Please don’t call it a makeover. Or, heaven-forbid a face-lift. Think of the latest changes to Rolls-Royce’s mighty Phantom more as ‘polishing the halo’.
It’s hard to believe that it’s been nine years since this flagship Rolls-Royce wafted onto the scene. Back in 2003, Phantom set a new, sky-high benchmark in automobile luxury. And it’s a testament to the brilliance of the original concept that nine years on the Phantom still looks and feels as special as it did back then.
But nine years is an eternity in the fast-changing automotive world. So it was time for a freshening, and to adopt of some of the latest technology being developed by parent company, BMW and its expansive network of suppliers.
Arguably the biggest change is something no one but a mechanic will see; the transmission. A six-speed auto was pretty advanced back in 2003, but today if you want the ultimate in smoothness and refinement, it needs to be an eight-speed.
So the new Phantom Series II, that’s due here this September priced from $398,970, gets the brilliant new ZF eight-speeder plus a beefed-up rear differential to replace the original and less robust BMW 7-series unit. Not that the average Phantom owner will be too concerned, but the new transmission helps improve fuel economy by 10 per cent, and reduces exhaust emissions. Al Gore will be over-joyed.
Also long overdue for re-fettling, was the decade-old, and not very good in the first place, satellite-navigation system. So BMW provided its latest set-up with its massive 8.8-inch screen.
A key feature is its 360-degree top-view camera, which is a real boon when you’re trying to squeeze this rolling leviathan into any parking space.
See this latest Phantom out on the street and only the Rolls-Royce cognoscenti will likely spot the styling changes. This, according to dapper Rolls-Royce head of exterior design Giles Taylor, was key to ensuring that current owners don’t suddenly feel their cars look out of date.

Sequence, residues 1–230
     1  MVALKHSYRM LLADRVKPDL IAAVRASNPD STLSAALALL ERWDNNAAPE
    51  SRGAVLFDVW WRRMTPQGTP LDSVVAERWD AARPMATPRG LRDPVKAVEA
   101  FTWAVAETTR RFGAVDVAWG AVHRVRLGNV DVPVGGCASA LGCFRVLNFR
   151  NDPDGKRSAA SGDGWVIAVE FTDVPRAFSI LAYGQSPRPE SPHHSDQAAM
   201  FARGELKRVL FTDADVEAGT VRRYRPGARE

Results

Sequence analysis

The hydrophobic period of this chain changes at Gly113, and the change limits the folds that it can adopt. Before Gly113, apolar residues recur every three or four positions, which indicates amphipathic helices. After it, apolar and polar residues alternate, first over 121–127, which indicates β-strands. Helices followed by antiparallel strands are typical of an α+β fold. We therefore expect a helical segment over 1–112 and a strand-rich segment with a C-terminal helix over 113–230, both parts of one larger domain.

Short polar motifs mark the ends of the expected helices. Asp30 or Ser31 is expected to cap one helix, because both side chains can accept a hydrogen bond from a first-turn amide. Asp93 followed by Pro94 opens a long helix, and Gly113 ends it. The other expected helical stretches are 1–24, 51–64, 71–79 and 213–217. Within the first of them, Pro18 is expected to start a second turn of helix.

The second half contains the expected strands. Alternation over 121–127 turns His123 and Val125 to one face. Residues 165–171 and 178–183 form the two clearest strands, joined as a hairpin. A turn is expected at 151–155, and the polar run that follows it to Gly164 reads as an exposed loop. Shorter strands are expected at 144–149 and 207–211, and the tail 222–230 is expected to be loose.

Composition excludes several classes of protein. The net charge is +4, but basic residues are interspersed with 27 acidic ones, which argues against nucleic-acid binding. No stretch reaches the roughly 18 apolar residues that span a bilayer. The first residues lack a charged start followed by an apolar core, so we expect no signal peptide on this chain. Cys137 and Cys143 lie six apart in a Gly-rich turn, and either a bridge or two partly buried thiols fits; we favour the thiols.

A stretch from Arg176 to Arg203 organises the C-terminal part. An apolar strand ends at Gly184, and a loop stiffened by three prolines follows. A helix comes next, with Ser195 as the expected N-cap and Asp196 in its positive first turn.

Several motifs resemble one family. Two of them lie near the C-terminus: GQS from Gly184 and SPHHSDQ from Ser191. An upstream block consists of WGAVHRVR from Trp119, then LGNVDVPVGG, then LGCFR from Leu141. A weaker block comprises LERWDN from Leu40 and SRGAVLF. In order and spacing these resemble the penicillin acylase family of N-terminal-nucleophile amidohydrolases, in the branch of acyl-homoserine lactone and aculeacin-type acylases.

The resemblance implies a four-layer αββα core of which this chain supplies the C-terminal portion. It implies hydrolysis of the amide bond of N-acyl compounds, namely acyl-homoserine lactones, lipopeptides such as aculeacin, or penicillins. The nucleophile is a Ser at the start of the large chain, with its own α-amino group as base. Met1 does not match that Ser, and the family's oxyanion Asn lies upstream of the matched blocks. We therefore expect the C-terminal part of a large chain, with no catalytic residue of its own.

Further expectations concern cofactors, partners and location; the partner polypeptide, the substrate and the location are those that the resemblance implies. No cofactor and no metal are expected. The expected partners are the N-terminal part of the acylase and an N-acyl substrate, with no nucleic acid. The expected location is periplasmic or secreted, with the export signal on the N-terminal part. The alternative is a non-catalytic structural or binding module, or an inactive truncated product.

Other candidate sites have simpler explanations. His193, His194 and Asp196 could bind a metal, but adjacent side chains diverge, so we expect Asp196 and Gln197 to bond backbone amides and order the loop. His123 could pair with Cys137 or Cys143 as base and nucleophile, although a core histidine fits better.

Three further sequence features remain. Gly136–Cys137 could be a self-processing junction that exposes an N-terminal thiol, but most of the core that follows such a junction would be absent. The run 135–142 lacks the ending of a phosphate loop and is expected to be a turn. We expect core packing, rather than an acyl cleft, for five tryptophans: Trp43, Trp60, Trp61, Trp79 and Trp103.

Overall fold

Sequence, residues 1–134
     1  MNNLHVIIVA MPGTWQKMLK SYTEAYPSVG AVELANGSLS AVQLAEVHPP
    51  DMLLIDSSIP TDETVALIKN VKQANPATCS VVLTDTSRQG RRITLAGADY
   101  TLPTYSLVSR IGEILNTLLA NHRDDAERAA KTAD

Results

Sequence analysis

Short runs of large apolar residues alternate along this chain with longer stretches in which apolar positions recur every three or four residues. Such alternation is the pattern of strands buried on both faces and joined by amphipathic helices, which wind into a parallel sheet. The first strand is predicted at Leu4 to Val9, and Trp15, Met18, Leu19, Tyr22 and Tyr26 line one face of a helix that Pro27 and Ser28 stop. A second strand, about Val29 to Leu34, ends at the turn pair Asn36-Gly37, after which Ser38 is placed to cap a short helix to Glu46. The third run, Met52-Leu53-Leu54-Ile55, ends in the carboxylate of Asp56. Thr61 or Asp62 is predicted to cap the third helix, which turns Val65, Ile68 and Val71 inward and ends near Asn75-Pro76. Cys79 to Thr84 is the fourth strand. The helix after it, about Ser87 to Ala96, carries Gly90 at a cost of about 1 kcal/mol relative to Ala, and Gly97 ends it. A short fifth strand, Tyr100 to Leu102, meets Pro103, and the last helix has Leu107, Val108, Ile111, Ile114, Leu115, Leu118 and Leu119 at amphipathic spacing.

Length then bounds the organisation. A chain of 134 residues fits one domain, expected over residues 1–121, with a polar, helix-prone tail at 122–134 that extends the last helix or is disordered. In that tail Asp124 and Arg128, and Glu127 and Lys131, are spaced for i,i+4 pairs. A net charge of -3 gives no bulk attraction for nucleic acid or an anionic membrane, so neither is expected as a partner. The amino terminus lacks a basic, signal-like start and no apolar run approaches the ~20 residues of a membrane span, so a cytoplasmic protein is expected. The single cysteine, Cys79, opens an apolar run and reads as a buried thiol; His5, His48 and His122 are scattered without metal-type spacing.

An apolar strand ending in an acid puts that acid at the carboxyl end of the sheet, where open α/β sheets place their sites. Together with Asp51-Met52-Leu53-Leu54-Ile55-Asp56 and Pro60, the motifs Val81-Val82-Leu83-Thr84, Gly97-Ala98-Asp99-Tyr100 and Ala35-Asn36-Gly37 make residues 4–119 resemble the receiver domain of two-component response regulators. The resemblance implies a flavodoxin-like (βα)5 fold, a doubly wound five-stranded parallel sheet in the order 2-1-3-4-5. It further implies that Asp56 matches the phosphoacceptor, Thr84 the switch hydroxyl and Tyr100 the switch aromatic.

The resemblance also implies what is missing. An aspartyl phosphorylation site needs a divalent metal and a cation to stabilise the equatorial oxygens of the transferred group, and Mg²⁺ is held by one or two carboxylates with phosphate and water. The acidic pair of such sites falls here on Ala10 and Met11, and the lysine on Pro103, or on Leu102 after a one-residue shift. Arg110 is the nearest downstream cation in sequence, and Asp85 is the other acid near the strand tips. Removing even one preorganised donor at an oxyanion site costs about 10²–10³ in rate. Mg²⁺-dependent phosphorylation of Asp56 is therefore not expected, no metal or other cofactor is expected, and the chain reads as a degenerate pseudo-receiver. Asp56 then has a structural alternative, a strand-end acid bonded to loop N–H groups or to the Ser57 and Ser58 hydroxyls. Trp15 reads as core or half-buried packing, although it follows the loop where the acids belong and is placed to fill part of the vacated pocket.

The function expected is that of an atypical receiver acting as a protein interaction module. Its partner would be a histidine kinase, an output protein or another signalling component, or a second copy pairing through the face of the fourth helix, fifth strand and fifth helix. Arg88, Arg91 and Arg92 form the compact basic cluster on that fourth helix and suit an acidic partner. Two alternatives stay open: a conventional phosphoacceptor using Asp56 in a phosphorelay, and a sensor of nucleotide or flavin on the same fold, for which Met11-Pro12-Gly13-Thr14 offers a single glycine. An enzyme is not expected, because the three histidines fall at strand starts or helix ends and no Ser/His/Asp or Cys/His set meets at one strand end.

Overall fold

Gone are those slightly awkward-looking round headlights. In their place are new, state-of-the-art rectangular LED lights for better nighttime vision – and a distinctive daytime look.
There are also new bumpers front and rear to soften the car’s lines and heighten the elegance.
The good folks at Rolls-Royce kindly invited us to Eze on the French Riviera just west of Monaco, to try-out this re-fettled Phantom for size. And boy, size was the challenge on some of those narrow, twisty roads leading up to the Alpes-Maritimes Mountains from the coast.
But the improvements have only enhanced and heightened the experience of piloting this still-remarkable machine. Now the gearshifts are even more oily-smooth, even more discreet as the new 8-speed slurs from one ratio to the next.
It compliments wonderfully the Phantom’s 6.75-liter V12, which now feels even more alive and eager with its new transmission. Squeeze the throttle and kick-down is near instantaneous, lunging the car forward with breathtaking ease.
This is not a car to throw around snaking French mountain roads. But that said, the steering is still surgically precise, and grip from the massive 21-inch rubberware is immense. Far better, and considerably more elegant, is to waft along Nice’s Promenade de Anglais waving at the hoi polloi.
Hopefully it isn’t another nine years before Giles Taylor gets around to another Phantom re-fresh. But right now consider the Phantom’s halo to be well and truly polished.